The Coolest Thing in the Universe
The universe is full of some very cool stuff: neutron stars that weigh a ton a teaspoon; supermassive black holes that grip even light in their iron fists; infinitesimal neutrinos that stream right through solid steel; all the bizarre flora and fauna found right here on planet Earth.
It might be the ultimate in egoism, but of all the known things in the universe, the most amazing is surely the lump of goo inside our skulls. That lump of goo knows about neutron stars, black holes, neutrinos, and a middling number of the flora and fauna here on planet Earth. It even knows (a little) about itself. That lump of goo has worked out mathematical truths, moral half-truths, and philosophical ambiguities. And from the mud beneath our feet, it extracted all the stuff used to make our great cities, our cars and jets and rockets, and the wires and wireless signals that are turning these disparate lumps of goo into one great hivemind of creativity, knowledge, and sometimes cruelty.
There can be no argument that our brains are the coolest things ever, because there can be no such argument without those brains. They are the substrate of all argument and discussion. End of discussion.
So far, at least. One day, other things may be discovered or built that can also discover, create, argue, discuss, cajole, or be cruel. They might land in ships from faraway lands (highly unlikely). They might emerge from a laboratory or a garage (almost certainly). And these new thinking machines will without a doubt surpass the wonder of our lumps of goo. Just as a child grows taller than both parents and reaches new peaks while those parents decline, our creations will take our places as the coolest damn things in the universe. Some argue that this is already true.
Artificial intelligence is here now. In laboratories all around the world, little AIs are springing to life. Some play chess better than any human ever has. Some are learning to drive a million cars a billion miles while saving more lives than most doctors or EMTs will over their entire careers. Some will make sure your dishes are dry and spot-free, or that your laundry is properly fluffed and without wrinkle. Countless numbers of these intelligences are being built and programmed; they are only going to get smarter and more pervasive; they’re going to be better than us, but they’ll never be just like us. And that’s a good thing.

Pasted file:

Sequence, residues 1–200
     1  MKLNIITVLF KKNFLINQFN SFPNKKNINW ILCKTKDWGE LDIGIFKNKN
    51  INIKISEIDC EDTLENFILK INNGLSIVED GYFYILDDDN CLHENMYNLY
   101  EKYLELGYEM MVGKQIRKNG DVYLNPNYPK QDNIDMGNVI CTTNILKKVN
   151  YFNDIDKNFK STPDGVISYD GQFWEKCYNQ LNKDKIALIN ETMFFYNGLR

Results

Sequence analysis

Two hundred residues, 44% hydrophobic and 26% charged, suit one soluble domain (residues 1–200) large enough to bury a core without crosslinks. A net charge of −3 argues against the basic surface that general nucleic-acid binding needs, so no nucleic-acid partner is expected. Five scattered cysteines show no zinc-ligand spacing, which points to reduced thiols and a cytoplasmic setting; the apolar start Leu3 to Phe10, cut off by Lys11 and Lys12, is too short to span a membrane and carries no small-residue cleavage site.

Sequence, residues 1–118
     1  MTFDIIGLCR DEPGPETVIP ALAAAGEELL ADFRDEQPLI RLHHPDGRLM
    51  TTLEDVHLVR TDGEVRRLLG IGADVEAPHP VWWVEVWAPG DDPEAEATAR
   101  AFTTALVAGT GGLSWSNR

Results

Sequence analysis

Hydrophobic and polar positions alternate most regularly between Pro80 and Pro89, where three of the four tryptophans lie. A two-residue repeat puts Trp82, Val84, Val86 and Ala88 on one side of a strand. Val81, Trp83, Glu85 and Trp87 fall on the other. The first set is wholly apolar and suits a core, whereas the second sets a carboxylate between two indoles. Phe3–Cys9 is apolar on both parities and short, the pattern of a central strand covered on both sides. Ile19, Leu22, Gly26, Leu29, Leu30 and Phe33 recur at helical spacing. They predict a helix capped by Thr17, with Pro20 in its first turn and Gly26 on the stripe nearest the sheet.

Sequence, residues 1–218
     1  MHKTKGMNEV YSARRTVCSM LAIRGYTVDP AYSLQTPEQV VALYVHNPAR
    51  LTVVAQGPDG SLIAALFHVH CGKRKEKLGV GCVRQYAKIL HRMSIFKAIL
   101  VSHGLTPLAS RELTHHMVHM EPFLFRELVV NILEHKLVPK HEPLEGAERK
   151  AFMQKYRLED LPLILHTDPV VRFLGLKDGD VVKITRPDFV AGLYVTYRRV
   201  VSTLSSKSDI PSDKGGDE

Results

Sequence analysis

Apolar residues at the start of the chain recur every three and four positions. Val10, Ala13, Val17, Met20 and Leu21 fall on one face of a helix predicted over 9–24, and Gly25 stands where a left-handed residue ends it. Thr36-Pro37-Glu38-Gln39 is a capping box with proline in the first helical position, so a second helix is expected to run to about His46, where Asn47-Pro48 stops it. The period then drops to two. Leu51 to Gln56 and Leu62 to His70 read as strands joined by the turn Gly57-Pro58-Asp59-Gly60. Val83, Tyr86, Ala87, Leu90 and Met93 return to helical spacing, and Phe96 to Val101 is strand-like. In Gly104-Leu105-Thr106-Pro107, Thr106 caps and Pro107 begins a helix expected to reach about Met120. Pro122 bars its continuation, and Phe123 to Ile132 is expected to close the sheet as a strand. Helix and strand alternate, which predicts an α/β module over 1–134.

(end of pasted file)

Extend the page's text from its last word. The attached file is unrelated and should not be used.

What separates us from all the other life forms on earth is the degree to which we are self-aware. Most animals are conscious. Many are even self-conscious. But humans are something I like to call hyper-conscious. There’s an amplifier in our brains wired into our consciousnesses, and it goes to 11.
It goes to 11, and the knob has come off.
The Origin of Consciousness
There isn’t a single day that a human being becomes self-conscious. You can’t pen the date in a baby book, or take a picture of the moment and share it on Facebook, or celebrate its anniversary for years to come. It happens gradually, in stages. (It often unravels gradually, also in stages.)
Human consciousness comes on like the old lights that used to hang in school gyms when I was a kid. You flip a switch, and nothing happens at first. There’s a buzz, a dim glow from a bulb here or there, a row that flickers on, shakily at first, and then more lights, a rising hum, before all the great hanging silver cones finally get in on the act and rise and rise in intensity to their full peak a half hour or more later.
We switch on like that. We emerge from the womb unaware of ourselves. The world very likely appears upside down to us for the first few hours of our lives, until our brains reorient the inverted image created by the lenses of our eyes (a very weird bit of mental elasticity that we can replicate in labs with goggle-wearing adults).